The main incentive that Tesla has to build its own network is given by the fact that, without it, it would be much more difficult to compete with other traditional manufacturers. Indeed, Tesla is willing to compete on a massive scale and no other manufacturer of electric vehicles has done this before. In fact, electric vehicles sales have always been very low in the past if compared to cars with an internal combustion engine. The only way to expand for Tesla is to guarantee to their customers that they can charge their cars and travel for long distances. In fact, there are not case of mass expansion of electric cars producers without a charging infrastructure, because it always plays a big role. Nobody is willing to charge its cars in seven hours from standard sources but doing it in 20 minutes at a charging station is much more convenient.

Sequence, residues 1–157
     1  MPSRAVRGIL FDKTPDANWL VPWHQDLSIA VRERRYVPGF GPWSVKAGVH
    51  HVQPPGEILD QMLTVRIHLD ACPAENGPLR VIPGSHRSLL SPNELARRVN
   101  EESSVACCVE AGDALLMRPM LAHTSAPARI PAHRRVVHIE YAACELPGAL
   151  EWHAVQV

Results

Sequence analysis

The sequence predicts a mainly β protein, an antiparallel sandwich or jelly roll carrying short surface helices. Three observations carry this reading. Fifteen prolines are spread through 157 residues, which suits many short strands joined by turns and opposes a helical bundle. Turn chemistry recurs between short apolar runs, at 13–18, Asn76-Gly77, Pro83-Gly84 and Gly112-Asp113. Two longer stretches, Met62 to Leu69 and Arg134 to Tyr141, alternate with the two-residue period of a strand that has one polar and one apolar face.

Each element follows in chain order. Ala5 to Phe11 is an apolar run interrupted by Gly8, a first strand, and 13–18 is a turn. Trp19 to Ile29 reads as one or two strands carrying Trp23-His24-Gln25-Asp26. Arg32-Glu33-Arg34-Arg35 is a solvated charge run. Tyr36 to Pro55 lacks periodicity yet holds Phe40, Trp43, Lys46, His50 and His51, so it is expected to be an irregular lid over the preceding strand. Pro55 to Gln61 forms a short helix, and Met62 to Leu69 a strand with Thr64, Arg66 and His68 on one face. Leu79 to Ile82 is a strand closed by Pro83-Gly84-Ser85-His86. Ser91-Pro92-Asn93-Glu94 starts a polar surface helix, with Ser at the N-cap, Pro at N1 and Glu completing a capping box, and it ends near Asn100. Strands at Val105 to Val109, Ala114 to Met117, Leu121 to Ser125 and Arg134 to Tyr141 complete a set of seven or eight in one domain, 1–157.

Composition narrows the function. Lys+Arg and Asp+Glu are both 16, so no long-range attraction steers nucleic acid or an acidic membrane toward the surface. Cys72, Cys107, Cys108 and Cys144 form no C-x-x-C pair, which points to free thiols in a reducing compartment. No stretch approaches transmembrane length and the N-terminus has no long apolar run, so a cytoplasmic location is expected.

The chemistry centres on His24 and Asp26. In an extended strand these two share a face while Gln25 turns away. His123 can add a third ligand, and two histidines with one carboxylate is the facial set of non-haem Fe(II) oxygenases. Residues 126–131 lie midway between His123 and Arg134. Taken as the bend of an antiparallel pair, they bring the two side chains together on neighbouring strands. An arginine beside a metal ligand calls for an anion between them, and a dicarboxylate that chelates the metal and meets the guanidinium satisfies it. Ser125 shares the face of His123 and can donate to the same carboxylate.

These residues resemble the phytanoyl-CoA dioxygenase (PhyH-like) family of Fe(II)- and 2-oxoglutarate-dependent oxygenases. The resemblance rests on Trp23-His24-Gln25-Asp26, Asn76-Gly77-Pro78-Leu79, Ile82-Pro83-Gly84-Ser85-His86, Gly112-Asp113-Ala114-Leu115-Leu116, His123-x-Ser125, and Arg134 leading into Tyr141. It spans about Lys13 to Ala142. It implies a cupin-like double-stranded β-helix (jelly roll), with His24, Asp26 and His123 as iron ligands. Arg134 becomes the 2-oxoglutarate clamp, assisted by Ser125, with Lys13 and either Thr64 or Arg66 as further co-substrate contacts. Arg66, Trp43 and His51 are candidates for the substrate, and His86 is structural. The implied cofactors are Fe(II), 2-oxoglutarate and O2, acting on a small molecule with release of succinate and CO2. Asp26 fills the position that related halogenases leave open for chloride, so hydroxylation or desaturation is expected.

Moreover, several standards are competing, and it is necessary that one of them affirms itself on the others. However, analysing them under a technological aspect, is possible to notice some problems. CHAdeMO for example, has been introduced before Super Chargers, but these ones are growing much faster. Moreover, CHAdeMO uses a different connector and needs two different charging systems, one for fast charging and one for the slow one. This makes a car with the fast charging technology even more expensive. The problem is that standards do not coalesce and Tesla, like some other producers, is trying to affirm its own. Indeed, the lack of a unique standard represents a limit of the electric vehicle’s market (Besen & Farrell, 1994).Moreover, owning the network, manufacturers are able to control it completely, and that is why they choose foreign direct investment to do it. So, the best way to build an infrastructure with a worldwide spreading is FDI. Also, another thing has to be underlined.